December 2011

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Alan Renwick

In Part 1 of this post, I outlined the basics of Hungary’s new electoral law.  Now I turn to the question of what we should make of the changes introduced.

Before I get going, I should say that others have been following Hungary’s electoral reform debates over recent months and years more closely than I have.  I offer my impressions here partly because I know many non-Hungarian-speakers want to know more than they can at present about what has happened, and partly in the hope of initiating conversation with those in Hungary who know much more than I do.  I hope you will point out errors, omissions, and points that I ought to think about in more detail.

The key question in thinking about an electoral reform concerns whose interests it is designed to serve.  Is it imposed by the government to protect its own interests (what I have elsewhere called elite majority imposition)?  Is it agreed among politicians more widely (elite settlement)?  Or does it reflect pressure from below, which politicians feel compelled in greater or lesser measure to accommodate (elite–mass interaction)?

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Alan Renwick

While most of us have been preparing to hang up our stockings, Hungary’s parliamentarians have been hard at work: on Friday alone they passed fourteen new laws.  One of these was a new electoral law – the first significant overhaul of the Hungarian electoral system since the country’s first post-communist democratic elections in 1990.  In this post – the first of two on the new electoral law – I will outline the changes that have taken place.  The second post will analyse the politics underlying the new law and consider what it tells us about the state of Hungarian democracy.

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Alan Renwick

Last week, as promised in the coalition programme, the government published its proposals for allowing voters to recall MPs who are found guilty of serious wrongdoing.  The draft bill and accompanying white paper set out procedures whereby a recall petition will be opened either when an MP is jailed for up to twelve months (longer jail sentences already lead to automatic expulsion) or when the Commons itself decides that a miscreant MP should be censured with the threat of recall.  The petition will be administered by returning officers.  If at least 10 per cent of eligible local voters sign the petition within an eight-week period, a by-election will be held.  The sitting MP will be allowed to stand in the by-election, but will have to prove his or her continuing local support in order to retain office.

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Richard Wood, who graduated with first-class honours in Politics and International Relations from Reading last summer, is now working as a research assistant on Alan Renwick’s project looking at changing patterns of debate over political reform.  In this post, he reflects on some striking findings regarding the rise of talk about human rights in British political discourse.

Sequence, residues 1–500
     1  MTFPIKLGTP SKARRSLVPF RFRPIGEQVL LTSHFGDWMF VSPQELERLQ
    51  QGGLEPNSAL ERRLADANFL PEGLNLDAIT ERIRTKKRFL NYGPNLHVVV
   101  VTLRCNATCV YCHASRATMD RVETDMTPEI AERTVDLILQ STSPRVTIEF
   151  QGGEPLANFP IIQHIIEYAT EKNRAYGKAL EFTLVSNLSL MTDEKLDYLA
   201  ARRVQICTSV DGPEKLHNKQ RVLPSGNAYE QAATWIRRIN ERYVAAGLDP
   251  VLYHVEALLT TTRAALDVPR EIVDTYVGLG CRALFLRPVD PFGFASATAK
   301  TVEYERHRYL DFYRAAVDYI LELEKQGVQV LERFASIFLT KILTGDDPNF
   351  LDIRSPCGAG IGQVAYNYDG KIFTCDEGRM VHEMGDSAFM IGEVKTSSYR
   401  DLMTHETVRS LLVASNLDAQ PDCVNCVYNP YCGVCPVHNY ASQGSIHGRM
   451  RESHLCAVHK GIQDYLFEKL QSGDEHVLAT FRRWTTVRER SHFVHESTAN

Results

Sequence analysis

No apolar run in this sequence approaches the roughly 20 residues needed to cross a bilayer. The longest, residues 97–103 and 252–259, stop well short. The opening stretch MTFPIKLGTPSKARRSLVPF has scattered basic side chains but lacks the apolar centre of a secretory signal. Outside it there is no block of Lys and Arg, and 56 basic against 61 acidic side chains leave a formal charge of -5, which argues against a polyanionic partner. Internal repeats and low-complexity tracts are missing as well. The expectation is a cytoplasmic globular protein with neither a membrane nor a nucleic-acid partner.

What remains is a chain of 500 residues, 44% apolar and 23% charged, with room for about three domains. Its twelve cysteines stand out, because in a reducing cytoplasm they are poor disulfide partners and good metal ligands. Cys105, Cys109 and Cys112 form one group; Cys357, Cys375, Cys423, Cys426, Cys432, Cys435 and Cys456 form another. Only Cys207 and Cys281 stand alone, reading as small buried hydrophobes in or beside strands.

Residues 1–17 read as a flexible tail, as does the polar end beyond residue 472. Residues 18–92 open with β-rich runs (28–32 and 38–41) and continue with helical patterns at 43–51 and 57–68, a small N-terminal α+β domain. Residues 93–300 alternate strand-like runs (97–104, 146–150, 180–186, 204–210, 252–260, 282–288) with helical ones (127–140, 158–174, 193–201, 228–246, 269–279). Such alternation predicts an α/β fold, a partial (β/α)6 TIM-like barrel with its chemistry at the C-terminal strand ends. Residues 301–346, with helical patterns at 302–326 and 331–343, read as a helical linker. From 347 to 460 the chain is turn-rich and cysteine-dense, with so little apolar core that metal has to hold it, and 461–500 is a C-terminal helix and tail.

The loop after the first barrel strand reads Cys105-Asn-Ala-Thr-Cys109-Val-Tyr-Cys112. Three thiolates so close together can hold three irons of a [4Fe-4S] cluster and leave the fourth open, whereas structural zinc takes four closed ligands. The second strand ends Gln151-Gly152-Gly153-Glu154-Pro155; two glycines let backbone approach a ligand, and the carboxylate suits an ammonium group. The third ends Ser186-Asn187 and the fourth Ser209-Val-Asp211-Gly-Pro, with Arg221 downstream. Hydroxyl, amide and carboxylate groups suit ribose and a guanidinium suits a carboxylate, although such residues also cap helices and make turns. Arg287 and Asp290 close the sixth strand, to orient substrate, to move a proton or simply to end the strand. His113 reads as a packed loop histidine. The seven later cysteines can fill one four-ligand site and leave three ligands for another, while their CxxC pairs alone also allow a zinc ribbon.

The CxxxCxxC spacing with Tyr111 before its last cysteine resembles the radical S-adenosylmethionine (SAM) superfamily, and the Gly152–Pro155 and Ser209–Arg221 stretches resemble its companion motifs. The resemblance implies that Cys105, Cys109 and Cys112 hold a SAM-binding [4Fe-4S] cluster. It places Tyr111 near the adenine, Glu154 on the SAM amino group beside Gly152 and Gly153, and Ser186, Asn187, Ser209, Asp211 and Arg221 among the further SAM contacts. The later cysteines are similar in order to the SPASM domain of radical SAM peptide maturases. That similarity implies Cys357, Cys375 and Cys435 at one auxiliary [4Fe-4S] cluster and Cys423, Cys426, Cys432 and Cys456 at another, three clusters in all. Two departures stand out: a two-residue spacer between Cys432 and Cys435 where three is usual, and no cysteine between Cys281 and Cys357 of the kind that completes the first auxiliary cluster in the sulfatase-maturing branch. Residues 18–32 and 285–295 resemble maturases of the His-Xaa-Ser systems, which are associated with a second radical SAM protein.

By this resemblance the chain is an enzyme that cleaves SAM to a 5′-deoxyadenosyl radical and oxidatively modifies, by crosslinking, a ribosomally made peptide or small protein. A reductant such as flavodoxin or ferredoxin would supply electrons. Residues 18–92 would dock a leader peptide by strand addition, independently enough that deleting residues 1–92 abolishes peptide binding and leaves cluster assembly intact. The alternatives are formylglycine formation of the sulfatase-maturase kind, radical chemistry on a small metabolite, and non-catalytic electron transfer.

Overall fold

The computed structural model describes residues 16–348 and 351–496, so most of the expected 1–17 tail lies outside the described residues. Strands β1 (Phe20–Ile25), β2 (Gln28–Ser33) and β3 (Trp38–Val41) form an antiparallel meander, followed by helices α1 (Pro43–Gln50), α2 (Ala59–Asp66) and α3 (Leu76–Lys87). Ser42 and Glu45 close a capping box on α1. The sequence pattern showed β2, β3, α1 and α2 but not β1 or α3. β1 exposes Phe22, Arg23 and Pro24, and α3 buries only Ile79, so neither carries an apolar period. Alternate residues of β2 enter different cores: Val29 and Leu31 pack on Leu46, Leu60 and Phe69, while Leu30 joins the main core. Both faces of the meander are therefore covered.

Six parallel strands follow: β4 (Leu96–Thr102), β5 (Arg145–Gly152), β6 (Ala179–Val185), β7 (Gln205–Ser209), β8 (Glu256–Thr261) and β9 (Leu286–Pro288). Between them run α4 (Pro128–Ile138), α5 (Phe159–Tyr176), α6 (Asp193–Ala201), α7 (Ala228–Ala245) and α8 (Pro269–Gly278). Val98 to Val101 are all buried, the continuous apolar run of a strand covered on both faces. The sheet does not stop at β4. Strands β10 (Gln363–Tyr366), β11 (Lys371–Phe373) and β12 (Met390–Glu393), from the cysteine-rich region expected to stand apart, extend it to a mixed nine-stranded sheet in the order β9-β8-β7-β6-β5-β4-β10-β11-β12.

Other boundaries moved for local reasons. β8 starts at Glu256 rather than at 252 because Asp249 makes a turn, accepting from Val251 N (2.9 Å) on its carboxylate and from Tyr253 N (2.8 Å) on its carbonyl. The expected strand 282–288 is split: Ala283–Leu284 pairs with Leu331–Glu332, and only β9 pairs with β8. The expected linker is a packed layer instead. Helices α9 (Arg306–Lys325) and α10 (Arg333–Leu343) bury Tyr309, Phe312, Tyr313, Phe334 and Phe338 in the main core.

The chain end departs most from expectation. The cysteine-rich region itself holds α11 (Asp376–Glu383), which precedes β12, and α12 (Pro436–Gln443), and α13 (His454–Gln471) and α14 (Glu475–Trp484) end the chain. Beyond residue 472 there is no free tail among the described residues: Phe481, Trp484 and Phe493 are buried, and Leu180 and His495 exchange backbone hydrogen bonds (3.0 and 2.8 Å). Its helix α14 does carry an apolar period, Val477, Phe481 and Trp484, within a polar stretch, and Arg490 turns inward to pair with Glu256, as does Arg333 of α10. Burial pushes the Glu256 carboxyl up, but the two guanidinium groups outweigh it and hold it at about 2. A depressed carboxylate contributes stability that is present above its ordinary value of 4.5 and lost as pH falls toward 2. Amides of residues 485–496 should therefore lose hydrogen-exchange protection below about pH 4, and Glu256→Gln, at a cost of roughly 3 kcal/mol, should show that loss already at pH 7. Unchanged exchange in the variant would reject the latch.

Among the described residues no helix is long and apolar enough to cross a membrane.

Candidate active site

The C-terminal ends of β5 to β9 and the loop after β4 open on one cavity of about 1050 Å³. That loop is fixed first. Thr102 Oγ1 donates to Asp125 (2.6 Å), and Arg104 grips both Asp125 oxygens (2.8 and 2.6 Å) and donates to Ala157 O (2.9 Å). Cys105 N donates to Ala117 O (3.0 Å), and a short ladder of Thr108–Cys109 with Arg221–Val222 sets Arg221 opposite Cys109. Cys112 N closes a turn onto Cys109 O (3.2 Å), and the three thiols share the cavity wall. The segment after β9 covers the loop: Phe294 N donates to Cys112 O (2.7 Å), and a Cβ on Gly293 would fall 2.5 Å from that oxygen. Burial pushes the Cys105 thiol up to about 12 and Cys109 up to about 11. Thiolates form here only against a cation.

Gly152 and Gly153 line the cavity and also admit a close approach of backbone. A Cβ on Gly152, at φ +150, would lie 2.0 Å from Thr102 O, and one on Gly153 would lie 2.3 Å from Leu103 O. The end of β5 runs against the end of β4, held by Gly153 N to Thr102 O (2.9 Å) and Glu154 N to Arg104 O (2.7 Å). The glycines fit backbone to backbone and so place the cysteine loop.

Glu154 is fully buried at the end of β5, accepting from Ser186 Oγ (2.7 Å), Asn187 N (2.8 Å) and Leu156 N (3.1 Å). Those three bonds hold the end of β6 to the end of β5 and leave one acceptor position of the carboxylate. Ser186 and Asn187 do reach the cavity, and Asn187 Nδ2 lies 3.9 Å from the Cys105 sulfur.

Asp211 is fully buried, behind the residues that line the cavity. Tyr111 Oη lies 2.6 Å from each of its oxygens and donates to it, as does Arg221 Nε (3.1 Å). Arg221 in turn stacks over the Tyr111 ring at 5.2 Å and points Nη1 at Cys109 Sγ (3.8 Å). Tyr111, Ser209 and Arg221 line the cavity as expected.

“Human rights” is a term we hear often when listening to our politicians. It’s now used when discussing almost any political subject: international relations, immigration, crime, healthcare and the legal system, to name just a few. The Human Rights Act, in force since 2000, is now a cornerstone of our legal system, though some would like to abolish or replace it.

But new research shows the extent to which this level of debate is a fairly recent phenomenon. As part of Alan Renwick’s wider research project into changing patterns of debate about political reform in the UK, I have been looking through Hansard records of parliamentary debates since the Second World War.  From analysis of all bills, debates, questions and statements in the House of Commons and the House of Lords from 1945 to 2005, a remarkably clear and consistent trend towards talk about human rights emerges. In the 1940s, the terms “human right” and “human rights” were used in Parliament around 15–40 times every year. As the graph below shows, by the 2000s, this had increased to 400–600 times – a huge change.

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Patrick Porter

Finally after a busy teaching term I’ve got a chance to add some thoughts to the great post and articles by Jon Western and Joshua Goldstein on humanitarian intervention.

Bottom line: I think Jon and Joshua make a robust case that not only can intervention work, but that the international community is learning effectively how to go about it. As they argue, it is a technique of statecraft that is being refined and better understood. It might not necessarily transform societies on every metric of human well being, but prompt military action combined with due attention to the rule of law, security and institutions can fend off predators and give oppressed peoples a chance – a breathing space - to rebuild. East Timor, Sierra Leone, and who knows, maybe even Libya testify to this.

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